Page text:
Why the Green New Deal needs to be so big

We’re long past the time for gradual changes.
April 22, 2019
Chimneys and air pollution
Photo by Sam Bark

The Green New Deal casts a big vision for addressing a big problem. At its heart is a bold plan for the US to tackle the crisis of climate change by weaning the economy from its dependence on fossil fuels, while ensuring that the burden of that transition does not fall on those who can least afford it. The GND currently exists as an early draft of a law, and there is much to debate about its particulars. Scaling it down, however, would defeat the purpose. The big, comprehensive approach the GND represents is exactly what’s needed, for at least four reasons.

1. Climate change is an enormous problem. The Intergovernmental Panel on Climate Change, a group that reflects a broad scientific consensus, projects that total warming of 1.5 degrees will cause suffering for hundreds of millions of people. We’re on track to reach that level within 33 years, and it won’t stop there.

2. Climate action is urgent. To avoid the above scenario, the IPCC says the world needs to drastically cut greenhouse gas emissions by 2030 and eliminate them by 2050. Decades ago, it may have been enough for nations to enact narrow policies to curb emissions gradually. We’ve shot past that stage.

3. Our entire built environment is dependent on fossil fuels. This is why the GND deals with infrastructure, not just energy policy. Clean electric power is growing fast. But what about all the things that directly use oil or gas, the buildings and transportation systems all around us? Building heat needs to go electric. So does public transit. And new high-speed electric trains could replace short-haul air travel. The fossil fuel problem is difficult to isolate in a narrower bill because the problem is everywhere. If addressing it sounds like a lot of work and expense, that’s why the GND is conceived as a huge jobs program (like its 1930s namesake). It’s about creating new jobs and putting people to work to implement the large changes that are necessary.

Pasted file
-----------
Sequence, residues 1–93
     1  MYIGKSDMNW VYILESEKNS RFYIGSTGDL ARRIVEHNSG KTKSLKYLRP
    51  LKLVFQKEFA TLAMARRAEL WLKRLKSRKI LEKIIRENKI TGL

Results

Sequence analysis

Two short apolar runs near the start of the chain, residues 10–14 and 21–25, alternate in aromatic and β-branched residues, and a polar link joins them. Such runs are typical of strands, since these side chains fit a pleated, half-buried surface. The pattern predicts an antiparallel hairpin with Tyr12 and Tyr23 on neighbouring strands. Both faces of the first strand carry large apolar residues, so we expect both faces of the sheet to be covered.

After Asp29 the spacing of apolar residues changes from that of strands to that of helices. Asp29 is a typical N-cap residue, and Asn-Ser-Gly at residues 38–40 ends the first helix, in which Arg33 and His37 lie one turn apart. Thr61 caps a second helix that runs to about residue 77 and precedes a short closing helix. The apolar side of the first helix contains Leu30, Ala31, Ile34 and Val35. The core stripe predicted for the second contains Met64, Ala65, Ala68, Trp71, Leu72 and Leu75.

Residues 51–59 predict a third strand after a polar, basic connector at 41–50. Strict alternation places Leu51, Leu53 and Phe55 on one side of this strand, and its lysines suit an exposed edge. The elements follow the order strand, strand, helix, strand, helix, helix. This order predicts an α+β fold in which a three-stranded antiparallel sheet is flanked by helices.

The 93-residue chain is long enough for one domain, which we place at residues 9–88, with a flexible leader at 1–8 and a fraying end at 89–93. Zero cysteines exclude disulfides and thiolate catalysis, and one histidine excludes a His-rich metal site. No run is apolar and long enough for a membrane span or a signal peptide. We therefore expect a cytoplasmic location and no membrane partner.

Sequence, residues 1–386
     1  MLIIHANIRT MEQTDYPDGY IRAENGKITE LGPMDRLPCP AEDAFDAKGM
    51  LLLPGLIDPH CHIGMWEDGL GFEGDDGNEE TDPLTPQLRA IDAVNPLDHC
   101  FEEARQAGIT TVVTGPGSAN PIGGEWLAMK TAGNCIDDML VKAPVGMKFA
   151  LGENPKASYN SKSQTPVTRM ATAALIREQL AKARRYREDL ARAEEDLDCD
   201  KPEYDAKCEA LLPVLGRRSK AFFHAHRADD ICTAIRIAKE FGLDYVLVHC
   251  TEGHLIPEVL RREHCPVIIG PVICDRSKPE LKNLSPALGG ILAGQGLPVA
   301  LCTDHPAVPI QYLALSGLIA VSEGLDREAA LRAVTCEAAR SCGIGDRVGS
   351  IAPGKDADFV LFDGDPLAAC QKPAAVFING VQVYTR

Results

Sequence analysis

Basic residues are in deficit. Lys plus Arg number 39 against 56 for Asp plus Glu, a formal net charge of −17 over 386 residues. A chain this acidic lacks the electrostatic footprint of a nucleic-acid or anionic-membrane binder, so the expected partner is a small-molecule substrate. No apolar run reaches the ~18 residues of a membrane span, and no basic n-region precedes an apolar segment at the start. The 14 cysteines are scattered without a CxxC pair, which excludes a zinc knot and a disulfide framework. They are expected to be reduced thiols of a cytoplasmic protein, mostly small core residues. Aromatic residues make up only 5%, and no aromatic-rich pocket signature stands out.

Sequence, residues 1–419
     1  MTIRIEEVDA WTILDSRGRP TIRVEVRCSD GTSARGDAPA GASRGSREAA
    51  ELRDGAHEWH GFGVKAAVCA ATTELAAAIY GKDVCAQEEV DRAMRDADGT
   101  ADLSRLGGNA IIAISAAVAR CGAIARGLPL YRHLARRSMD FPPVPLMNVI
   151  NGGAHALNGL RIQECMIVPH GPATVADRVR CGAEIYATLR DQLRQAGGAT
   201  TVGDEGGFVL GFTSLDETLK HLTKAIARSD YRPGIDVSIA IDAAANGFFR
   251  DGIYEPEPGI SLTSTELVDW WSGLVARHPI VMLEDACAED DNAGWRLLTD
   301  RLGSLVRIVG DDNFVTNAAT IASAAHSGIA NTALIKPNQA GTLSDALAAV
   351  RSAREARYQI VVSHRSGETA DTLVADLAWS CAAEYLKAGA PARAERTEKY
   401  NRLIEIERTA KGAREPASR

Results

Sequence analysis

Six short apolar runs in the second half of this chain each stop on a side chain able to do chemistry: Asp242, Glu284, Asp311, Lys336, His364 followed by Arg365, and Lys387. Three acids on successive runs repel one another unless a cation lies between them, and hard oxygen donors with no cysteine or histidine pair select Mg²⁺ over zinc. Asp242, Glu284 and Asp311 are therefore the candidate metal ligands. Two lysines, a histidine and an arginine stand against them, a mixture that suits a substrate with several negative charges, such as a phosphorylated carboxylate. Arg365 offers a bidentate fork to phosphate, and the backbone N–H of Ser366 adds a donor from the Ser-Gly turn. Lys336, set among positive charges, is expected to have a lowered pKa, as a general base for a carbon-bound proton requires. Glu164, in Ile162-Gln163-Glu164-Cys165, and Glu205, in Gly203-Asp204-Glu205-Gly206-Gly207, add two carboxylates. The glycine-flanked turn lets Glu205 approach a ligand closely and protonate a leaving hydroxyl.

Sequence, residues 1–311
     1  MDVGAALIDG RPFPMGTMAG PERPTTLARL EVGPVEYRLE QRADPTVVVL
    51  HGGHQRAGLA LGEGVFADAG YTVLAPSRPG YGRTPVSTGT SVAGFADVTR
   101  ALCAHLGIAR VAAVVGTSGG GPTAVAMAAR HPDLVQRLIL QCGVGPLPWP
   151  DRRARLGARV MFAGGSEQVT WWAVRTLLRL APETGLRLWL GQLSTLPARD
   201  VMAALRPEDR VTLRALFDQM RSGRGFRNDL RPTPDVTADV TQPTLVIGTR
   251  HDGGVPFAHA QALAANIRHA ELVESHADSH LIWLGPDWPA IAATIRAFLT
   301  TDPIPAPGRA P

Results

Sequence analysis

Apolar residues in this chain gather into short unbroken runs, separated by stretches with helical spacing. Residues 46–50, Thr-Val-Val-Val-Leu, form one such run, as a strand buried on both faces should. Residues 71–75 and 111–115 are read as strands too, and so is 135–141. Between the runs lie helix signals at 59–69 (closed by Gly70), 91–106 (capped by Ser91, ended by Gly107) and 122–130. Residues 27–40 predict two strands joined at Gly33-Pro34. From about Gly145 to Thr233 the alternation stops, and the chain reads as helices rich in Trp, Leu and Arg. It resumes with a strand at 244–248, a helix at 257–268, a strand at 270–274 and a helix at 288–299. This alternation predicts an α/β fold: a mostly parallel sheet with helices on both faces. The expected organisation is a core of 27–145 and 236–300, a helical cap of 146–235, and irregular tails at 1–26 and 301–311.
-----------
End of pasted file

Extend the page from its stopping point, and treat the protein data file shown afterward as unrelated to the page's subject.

4. Political mobilization requires a big, inspiring vision. The GND faces tough challenges but not because it’s too big. Climate change action is politically difficult at any scale. Proponents of a narrower bill ask, What is the plan to pass the GND? But what is the plan to pass a cap-and-trade bill, or higher fuel efficiency standards, or a national version of California’s clean energy mandate? Going smaller won’t somehow create bipartisan consensus out of nothing. Going big, however, has the potential to mobilize people and to clarify the unparalleled scope of the problem—and the best solutions.

The GND originated with young activists, who speak with the moral authority of a generation inheriting a planet in peril. The rest of us should listen to them. The GND doesn’t answer every question about how to address climate change, but it does provide a framework—one that can contain or exist alongside various other ideas. Do you think we should do what it takes to eliminate dependency on fossil fuels without making the most vulnerable people bear the brunt of the pain? If so, you support the core of the GND.

A version of this article appears in the print edition under the title “A vision for climate action.”